It must be the week for maps. I just recently announced that Food & Water Watch won an Interactive Media Award (IMA) for its interactive factory farming map. Now, news is there’s another great interactive factory farming map just out from Animal Visuals, an excellent site with “visual resources for animals” (I’ve shared some of their stuff when writing about livestock production in the U.S. before). Here’s more on the new map and issues related to it from Animal Visuals:
The map above locates factory farms that animal protection groups have exposed through undercover investigations. Among the findings of these investigations are animals living in filthy conditions, animals intensively confined for their entire lives, animals mutilated without painkillers, sick and suffering animals left to languish for extended periods, violations of animal welfare and food safety regulations, and egregious criminal acts of animal torture. Viewed individually, the actions shown might be dismissed as isolated incidents. Taken together, however, they reveal a pattern of disregard for animal welfare and routine cruelty-to-animals throughout animal agriculture. They also reveal that many legal, standard agricultural procedures are unconscionably cruel and cause prolonged suffering for animals. Many standard practices in animal agriculture must change, and new laws are needed in order to enforce basic standards of welfare for animals. There are currently no federal laws protecting the welfare of animals on farms.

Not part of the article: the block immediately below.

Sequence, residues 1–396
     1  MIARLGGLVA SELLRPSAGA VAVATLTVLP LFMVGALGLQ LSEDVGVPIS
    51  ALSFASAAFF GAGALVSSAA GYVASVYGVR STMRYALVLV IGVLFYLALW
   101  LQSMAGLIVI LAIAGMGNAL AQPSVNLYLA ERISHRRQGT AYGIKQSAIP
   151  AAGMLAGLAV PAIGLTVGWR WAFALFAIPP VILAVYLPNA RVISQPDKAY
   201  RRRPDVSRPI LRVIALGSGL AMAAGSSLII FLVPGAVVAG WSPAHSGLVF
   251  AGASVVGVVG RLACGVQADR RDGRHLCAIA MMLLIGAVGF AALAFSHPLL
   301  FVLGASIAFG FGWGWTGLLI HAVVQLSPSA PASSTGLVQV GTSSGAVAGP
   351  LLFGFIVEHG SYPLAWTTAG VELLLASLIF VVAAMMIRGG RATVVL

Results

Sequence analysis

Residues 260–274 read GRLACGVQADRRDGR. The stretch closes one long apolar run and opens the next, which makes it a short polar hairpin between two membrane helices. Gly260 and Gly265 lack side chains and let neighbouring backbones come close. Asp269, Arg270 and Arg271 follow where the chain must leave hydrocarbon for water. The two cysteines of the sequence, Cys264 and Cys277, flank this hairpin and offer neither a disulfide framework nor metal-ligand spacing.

Well-put. Bottom line: farm animals are treated horribly in this country, animals with the same level of intelligence as your do or cat, and there is no legal justice for that.
Unfortunately, due to uncover investigations like these highlighted above, legislation has been proposed in some states (Florida, Iowa, and Minnesota) that would make such investigations and unveiling of the truth illegal. “If passed, these laws would impose criminal penalties for creating audio or visual recordings of agriculture operations. Criminal penalties could also be imposed for any media or press organization transmitting any recordings that are made. The legislation has been defeated in Florida, but Florida Senator Jim Norman has vowed to bring it back next year. ”
Rather than improve the condition of animals on U.S. farms, it’s clear that the animal farming industry wants to intimidate and incriminate those who bring the matter up or spread the news. Horrible, unconstitutional, and downright concerning.
- In Iowa, exposing animal cruelty could be a crime
- Cut Greenhouse Gas Emissions (& Toxic Waste Lagoons) by Eating Less Meat
- Unprecedented Growth in Factory Farming in U.S.
- Groups Sue FDA Over Factory Farm Antibiotic Abuse